MONEY MAKES THE WORLD GO ’ROUND, but it also makes for complicated pricing decisions. Should MSPs charge per user or by device? All-inclusive coverage or basic monitoring with hourly rates for service? Different charges for providing remote service compared with on-site support? Where do cloud services fall in the price list? Opinions on such questions may be varied and strongly held by the MSP.
“Discussions about per-user versus per-device pricing can become a religious war,” observes Dennis O’Connell, director of business development for Taylor Business Group, a strategic consultancy for MSPs headquartered in St. Charles, Ill. Moreover, he adds, it’s not uncommon for channel pros to switch sides.
“Nobody charges the right amount at the start,” O’Connell states. “They all use AFAB pricing—Anything For A Buck—because they’re searching for revenue. As they mature, they have to start figuring out the right price.”
Recognize Client Preferences
Clients, meanwhile, have preferences of their own.
“Look at car buyers,” says Bryan Gilliom, founder of consultancy Grow My MSP and president and CTO of marketing agency Message Point Media Inc., both located in Birmingham, Ala. “Some will lease cars with maintenance included and be happy to pay every month to take away their risk. They’re great MSP customers. Others beat the car dealer for every dollar when buying a vehicle and drive it until the wheels fall off. They’re willing to take the risk to keep more of their money.”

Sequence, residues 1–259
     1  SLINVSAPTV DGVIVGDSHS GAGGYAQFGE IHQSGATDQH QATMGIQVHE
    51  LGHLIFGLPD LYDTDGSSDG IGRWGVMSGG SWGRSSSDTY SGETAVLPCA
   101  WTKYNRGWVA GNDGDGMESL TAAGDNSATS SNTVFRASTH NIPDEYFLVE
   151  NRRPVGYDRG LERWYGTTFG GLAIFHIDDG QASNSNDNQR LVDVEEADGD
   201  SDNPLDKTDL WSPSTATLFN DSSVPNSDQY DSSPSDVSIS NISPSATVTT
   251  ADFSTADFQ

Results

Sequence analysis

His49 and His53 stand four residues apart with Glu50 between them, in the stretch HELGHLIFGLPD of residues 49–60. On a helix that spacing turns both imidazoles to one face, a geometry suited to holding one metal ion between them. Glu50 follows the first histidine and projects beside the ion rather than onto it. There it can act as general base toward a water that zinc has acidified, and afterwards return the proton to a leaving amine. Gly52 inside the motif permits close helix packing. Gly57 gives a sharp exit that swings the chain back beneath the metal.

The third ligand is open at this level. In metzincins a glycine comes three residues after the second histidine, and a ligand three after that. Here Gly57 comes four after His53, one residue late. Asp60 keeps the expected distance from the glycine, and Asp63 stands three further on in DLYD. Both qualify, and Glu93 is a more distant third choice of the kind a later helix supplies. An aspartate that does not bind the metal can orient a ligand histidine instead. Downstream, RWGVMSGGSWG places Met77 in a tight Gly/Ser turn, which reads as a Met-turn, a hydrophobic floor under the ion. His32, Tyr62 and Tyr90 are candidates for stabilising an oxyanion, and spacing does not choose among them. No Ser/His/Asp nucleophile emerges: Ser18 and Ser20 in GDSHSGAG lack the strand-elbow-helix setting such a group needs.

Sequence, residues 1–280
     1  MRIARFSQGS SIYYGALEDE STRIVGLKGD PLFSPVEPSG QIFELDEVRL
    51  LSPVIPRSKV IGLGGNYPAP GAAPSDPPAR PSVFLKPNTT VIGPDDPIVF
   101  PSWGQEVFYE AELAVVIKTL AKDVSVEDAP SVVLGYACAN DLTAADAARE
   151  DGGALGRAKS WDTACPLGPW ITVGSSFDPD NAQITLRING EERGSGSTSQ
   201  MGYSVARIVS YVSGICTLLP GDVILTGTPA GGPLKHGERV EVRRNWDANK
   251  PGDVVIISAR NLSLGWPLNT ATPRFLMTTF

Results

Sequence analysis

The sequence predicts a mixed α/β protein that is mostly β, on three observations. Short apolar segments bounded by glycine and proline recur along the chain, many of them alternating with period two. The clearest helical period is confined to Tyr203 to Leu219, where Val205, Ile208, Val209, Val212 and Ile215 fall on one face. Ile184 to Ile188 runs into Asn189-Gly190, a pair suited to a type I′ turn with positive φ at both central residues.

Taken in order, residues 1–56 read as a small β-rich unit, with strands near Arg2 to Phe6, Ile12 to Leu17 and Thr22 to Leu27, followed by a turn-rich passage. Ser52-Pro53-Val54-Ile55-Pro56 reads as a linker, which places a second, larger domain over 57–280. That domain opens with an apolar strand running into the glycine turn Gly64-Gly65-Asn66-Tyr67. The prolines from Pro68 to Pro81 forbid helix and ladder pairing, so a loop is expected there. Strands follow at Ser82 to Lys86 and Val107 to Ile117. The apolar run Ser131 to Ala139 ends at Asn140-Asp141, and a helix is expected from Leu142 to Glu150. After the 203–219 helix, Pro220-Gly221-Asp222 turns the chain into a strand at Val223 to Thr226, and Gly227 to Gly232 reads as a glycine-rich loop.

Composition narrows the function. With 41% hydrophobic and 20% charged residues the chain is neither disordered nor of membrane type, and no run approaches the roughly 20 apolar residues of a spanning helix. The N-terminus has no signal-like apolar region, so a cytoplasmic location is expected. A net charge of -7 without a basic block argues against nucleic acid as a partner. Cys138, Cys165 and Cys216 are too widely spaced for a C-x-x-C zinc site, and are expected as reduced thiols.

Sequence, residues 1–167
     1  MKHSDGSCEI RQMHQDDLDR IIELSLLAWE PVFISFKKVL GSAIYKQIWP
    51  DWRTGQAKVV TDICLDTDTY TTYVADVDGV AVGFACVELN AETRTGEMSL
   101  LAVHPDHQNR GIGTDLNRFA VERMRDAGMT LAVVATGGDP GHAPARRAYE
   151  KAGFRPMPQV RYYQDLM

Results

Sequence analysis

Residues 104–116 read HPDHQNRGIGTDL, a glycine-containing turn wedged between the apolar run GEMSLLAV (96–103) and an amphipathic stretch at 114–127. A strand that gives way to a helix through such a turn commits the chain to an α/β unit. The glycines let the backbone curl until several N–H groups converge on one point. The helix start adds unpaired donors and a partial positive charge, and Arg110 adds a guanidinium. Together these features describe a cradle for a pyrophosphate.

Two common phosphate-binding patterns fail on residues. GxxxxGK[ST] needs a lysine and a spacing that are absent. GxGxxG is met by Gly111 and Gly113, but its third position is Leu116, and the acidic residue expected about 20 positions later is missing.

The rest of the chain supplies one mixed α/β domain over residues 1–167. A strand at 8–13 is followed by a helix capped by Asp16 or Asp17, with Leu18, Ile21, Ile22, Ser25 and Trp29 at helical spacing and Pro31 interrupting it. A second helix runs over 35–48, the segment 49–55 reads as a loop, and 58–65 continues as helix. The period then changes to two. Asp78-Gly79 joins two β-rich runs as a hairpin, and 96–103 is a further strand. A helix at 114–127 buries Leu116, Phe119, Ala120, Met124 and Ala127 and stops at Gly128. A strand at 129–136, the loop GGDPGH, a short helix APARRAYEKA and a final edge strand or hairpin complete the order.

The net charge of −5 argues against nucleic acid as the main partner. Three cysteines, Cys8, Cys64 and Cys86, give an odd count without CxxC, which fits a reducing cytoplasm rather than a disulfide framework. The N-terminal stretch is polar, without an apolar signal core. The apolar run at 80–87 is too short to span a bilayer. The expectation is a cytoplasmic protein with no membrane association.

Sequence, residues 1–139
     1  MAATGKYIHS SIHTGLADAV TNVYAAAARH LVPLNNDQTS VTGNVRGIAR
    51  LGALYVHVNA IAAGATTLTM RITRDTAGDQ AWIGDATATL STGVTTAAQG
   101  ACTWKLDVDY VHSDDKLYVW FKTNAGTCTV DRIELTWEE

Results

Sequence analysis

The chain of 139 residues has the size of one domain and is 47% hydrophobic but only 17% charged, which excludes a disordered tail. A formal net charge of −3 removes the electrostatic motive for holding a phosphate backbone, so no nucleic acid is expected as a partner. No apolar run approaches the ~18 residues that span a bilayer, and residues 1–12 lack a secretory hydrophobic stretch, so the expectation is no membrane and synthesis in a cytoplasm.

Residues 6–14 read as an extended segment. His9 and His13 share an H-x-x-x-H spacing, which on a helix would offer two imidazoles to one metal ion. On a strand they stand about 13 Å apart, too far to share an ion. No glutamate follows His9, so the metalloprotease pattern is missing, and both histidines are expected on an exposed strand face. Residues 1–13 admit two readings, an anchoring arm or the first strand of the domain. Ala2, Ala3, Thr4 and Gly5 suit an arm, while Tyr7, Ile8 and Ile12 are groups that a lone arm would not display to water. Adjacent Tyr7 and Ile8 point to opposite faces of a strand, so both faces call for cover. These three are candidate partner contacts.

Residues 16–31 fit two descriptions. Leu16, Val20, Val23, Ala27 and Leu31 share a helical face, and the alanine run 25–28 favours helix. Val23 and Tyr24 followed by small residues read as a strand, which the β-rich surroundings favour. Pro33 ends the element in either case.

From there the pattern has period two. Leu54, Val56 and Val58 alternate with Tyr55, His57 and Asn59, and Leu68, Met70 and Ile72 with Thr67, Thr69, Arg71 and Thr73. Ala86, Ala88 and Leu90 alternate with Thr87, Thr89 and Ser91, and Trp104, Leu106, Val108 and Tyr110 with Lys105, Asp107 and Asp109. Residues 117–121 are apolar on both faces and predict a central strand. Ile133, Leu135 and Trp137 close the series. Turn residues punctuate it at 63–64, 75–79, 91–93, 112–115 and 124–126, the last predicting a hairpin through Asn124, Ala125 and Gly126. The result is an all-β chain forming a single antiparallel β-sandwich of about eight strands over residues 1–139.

That said, Gilliom believes some pricing models are more likely to raise objections than others. “MSPs charge by user, by the device, by the hour, or by blocks of hours,” Gilliom notes. “When you include remote services in the contract but charge for on-site work, the customer gets mad and argues with you about what should be covered. That destroys trust, the most important part of your relationship.”
Gilliom advises MSPs to be flexible when it comes to pricing. “If I charge per PC, how do I handle a company with workers on three shifts, meaning 11 PCs with a total of 33 users?” he asks. “If I charge per user, what do I do when a customer automates and replaces 10 workers with two machines? That means more work for me for less revenue.”
Gilliom believes MSPs should also consider alternative pricing schemes. “Could I charge per square foot of their building? A percentage of revenue?” he asks. “If you come to the table and say, ‘I’ll reduce your costs and want a percentage,’ most business owners would go for it.”
Consider Value Pricing
O’Connell, meanwhile, encourages MSPs to consider value pricing, a model that emphasizes the financial impact of solving a customer’s business problem rather than delivering specific products and applications. Unfortunately, he concedes, few SMBs are persuaded by that approach. “Only about 25 percent of small businesses understand value pricing,” O’Connell says.
As always, the cloud is a disruptor in the pricing equation. If you charge by the device and your customer consolidates 20 file servers onto virtual cloud hosts, do you lose revenue and get stuck supporting the same number of users, transactions, and data?
Questions like those are creating turmoil among channel pros. “Some have figured out how and where to generate revenue, but a majority of MSPs are still working it out,” O’Connell notes.
Don’t let that process distract you from what’s truly important, Gilliom counsels. “At the end of the day, your pricing strategy doesn’t matter. What does matter is the value you’re providing the customer for the price you’re asking them to pay.”